Title:HungerCount 2002: Eating their words : government failure on food security.
Variant Title:Canada’s annual survey of emergency food programs
Author(s):Wilson, Beth|split|Tsoa, Emily
Corporate Author: Canadian Association of Food Banks
Subject:Food security – hunger, health|split|Food security – statistics, studies
Publisher:Canadian Association of Food Banks
Place of Publication:Toronto
Date of Publication:2002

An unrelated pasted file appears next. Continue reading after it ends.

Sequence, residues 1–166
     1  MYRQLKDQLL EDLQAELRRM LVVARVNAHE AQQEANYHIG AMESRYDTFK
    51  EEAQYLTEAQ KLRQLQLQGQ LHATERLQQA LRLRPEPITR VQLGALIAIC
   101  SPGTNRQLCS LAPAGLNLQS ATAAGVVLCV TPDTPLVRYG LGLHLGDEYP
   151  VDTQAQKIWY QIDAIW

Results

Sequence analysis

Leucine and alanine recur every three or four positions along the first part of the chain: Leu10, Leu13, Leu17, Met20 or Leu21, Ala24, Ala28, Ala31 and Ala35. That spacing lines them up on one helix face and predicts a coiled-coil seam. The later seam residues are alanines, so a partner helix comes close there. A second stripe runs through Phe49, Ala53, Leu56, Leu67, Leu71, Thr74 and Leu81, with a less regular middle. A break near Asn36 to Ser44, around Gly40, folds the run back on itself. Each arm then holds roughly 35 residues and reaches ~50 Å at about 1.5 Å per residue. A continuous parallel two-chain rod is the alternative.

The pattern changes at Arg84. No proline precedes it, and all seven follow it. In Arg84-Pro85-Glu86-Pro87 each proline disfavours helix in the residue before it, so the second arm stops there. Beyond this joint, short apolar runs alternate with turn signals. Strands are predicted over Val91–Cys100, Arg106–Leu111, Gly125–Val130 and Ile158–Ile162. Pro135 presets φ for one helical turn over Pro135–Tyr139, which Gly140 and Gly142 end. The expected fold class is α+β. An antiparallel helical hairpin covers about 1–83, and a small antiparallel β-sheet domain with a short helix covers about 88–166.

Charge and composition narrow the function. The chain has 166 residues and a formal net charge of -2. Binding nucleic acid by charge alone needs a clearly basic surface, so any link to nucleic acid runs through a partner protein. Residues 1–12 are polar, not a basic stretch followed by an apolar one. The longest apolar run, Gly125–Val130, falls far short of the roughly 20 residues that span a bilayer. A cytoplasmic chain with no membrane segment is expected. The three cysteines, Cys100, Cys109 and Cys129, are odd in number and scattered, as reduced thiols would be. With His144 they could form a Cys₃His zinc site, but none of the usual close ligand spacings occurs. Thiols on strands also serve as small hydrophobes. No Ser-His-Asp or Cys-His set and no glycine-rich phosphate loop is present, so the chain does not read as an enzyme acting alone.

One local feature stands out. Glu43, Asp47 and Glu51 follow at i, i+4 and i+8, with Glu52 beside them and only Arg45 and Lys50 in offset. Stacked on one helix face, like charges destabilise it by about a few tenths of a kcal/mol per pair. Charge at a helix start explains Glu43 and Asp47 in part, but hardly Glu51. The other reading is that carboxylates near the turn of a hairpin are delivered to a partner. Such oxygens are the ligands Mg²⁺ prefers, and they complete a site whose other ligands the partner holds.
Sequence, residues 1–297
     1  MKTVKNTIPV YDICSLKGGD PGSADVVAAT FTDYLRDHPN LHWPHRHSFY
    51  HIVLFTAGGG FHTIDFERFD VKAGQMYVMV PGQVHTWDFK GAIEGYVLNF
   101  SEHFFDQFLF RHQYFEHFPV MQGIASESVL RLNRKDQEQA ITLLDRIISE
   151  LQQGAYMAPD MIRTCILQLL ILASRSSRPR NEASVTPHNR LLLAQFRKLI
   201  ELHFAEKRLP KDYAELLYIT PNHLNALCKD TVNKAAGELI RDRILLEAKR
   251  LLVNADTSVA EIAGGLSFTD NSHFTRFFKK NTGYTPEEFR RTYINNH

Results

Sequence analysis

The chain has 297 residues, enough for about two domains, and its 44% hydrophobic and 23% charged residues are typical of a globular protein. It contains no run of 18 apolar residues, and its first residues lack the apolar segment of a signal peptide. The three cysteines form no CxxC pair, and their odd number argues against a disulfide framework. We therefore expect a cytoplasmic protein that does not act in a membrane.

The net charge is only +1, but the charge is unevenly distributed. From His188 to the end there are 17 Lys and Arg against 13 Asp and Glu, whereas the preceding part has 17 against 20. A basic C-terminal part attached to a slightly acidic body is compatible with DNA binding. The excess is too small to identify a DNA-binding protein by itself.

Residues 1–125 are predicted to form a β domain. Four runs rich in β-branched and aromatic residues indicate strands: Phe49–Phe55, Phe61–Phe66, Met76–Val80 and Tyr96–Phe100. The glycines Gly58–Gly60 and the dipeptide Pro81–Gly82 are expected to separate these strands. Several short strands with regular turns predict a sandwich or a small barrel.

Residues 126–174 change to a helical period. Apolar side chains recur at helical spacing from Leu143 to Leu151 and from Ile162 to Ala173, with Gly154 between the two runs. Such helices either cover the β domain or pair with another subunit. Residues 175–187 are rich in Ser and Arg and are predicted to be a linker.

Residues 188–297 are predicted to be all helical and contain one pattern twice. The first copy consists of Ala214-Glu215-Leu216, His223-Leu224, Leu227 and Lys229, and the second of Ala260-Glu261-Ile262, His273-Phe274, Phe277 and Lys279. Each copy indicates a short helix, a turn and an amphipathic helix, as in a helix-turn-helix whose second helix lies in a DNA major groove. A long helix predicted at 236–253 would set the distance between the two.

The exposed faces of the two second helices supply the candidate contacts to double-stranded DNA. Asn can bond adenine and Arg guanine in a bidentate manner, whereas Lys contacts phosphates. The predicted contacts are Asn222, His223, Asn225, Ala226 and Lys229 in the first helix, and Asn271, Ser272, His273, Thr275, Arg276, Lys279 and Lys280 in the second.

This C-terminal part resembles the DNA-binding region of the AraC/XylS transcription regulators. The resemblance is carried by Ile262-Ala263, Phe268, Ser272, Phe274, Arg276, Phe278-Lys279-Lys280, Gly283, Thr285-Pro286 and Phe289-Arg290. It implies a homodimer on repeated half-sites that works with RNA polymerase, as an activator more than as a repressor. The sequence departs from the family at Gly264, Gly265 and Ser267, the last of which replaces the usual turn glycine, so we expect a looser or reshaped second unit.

The HungerCount study is a national survey of food bank use in Canada. Initiated in 1989, the HungerCount study has been conducted on an annual basis since 1997. Each year, we invite every food bank in Canada to participate in order to provide an up-to-date national portrait of hunger and food insecurity. In the past, food bank use was the only measure available for assessing the extent of hunger and food insecurity in Canada. However, recent national population surveys have found that many more individuals than those occupying food bank lines lack the financial resources to access an adequate diet. According to the National Population Health Survey (NPHS) and the National Longitudinal Study of Children and Youth (NLSCY), most food insecure individuals and families do not use food banks or other charitable food programs, despite need. While food bank studies include many marginalized people that are excluded from population studies (due to the use of telephone surveys), food bank use alone underestimates the extent of food insecurity and hunger nationwide. As such, findings from this current study may best be viewed as the tip of the iceberg with respect to hunger and food insecurity in Canada. Within a domestic context, hunger and food insecurity are best understood as consequences of extreme poverty. In this land of plenty, a radically unequal distribution of resources underlies the existence, extent and depth of poverty across the country. Like homelessness, hunger and food insecurity emerge when social policies fail to ensure an adequate standard of living that meets basic needs. The annual HungerCount provides a means of evaluating the progress of governments with respect to ensuring income security, food security and an adequate standard of living for all.